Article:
31 ELR 20501 | Environmental Law Reporter | copyright © 2001 | All rights reserved

Department of the Interior v. Klamath Water Users Protective Ass'n

No. 99-1871 (121 S. Ct. 1060) (U.S. March 5, 2001)

ELR Digest

The Court holds that documents passing between Native American tribes and the U.S. Department of the Interior (DOI) are not exempt from the Freedom of Information Act's (FOIA's) disclosure requirements as intraagency communication that would normally be privileged in civil discovery. The documents at issue arose from two separate proceedings addressing Native American tribal interests subject to state and federal water allocation proceedings. In the first proceeding, the DOI, acting through the Bureau of Reclamation, asked Native American tribes to consult on a regional irrigation project. In the second proceeding, the DOI, acting through the Bureau of Indian Affairs, filed claims on behalf of one tribe in a state water rights adjudication. Subsequently, a water users association filed a series of FOIA requests seeking access to communications between the DOI and the tribes. The DOI submitted several documents but claimed others were covered under FOIA Exemption 5, 5 U.S.C. § 552(b)(5), which exempts from disclosure interagency or intraagency memorandums or letters that would not be available by law to a party other than an agency in litigation with another agency.

The Court holds that the documents at issue are not exempt from FOIA's disclosure requirements as interagency or intraagency memorandums or letters. To qualify for the exemption, a document must satisfy two conditions: its source must be a government agency, and it must fall within the ambit of a privilege against discovery under judicial standards for litigation. Although neither the terms of the exemption nor the statutory definitions say anything about communications with outsiders, some courts of appeal have held that in some circumstances a document prepared outside the government may qualify as an intraagency memorandum under Exemption 5. Typically, courts taking this stance have held that the exemption extends to communication between government agencies and outside consultants hired by them, where the documents prepared by the consultants played the same part in the agency's process of deliberation as documents prepared by agency personnel. In those cases, the consultant does not represent an interest of its own when it advises an agency. Conversely, the tribes necessarily communicate with the DOI with their own interests in mind. Moreover, the tribes are self-advocates who, at the expense of others, seek benefits inadequate to satisfy everyone. In fact, all of the tribes' submissions to the DOI represent the tribes' interests and, thus, are adversarial to the water users association's interests. As a result, the tribes' position as a DOI beneficiary is a far cry from the position of the paid consultant. In addition, there is no support in FOIA for the Court to read an "Indian trust" exemption into the statute.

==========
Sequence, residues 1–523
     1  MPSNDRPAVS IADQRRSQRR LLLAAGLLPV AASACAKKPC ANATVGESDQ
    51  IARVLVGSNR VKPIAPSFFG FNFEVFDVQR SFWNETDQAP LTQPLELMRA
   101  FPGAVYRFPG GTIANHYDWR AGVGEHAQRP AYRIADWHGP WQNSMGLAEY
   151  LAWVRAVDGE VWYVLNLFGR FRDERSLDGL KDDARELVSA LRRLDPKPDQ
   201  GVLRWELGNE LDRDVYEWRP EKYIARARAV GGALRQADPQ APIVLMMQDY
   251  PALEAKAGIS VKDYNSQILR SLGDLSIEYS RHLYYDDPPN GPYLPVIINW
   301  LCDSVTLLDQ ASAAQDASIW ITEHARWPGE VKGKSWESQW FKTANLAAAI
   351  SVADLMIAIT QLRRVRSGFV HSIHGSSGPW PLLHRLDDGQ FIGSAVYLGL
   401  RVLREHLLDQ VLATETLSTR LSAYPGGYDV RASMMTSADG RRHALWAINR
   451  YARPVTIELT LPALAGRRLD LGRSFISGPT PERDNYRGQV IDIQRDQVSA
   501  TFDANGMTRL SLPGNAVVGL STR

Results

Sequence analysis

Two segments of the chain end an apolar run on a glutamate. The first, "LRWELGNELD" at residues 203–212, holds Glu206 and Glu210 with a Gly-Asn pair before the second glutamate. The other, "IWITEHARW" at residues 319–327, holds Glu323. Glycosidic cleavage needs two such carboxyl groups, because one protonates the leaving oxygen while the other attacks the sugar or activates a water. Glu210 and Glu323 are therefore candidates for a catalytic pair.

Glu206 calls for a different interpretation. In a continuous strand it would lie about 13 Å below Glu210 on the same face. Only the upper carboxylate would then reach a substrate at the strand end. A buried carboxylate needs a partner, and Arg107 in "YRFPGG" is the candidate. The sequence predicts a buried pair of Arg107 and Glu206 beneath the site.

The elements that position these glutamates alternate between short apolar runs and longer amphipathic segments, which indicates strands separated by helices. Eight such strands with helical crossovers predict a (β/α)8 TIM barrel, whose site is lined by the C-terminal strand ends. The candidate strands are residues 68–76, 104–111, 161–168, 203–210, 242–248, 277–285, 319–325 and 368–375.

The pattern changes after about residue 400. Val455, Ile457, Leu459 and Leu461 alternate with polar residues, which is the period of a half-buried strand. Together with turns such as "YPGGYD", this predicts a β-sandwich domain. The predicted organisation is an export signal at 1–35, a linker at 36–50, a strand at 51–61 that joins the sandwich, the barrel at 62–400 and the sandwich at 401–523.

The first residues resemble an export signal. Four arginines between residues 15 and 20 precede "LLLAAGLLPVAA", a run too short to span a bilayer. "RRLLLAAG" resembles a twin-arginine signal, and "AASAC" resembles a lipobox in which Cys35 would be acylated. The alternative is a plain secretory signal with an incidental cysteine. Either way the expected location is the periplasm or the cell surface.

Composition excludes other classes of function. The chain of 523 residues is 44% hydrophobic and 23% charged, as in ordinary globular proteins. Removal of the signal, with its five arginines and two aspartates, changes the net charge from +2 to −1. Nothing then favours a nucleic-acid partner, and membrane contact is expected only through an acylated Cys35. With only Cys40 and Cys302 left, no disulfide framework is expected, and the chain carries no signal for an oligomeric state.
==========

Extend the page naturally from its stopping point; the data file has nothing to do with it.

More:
Justice Souter wrote the opinion for a unanimous Court.

[A prior decision in this litigation is published at 30 ELR 20061.]

The full text of this opinion is available from ELR (14 pp., ELR Order No. L-344).

Counsel for Petitioners
Margo D. Miller
Environment and Natural Resources Division
U.S. Department of Justice, Washington DC 20530
(202) 514-2000

Counsel for Respondent
Peter S. Glaser
Doherty, Rumble & Butler
1401 New York Ave. NW, Ste. 1100, Washington DC 20005
(202) 393-2554

[31 ELR 20501]


31 ELR 20501 | Environmental Law Reporter | copyright © 2001 | All rights reserved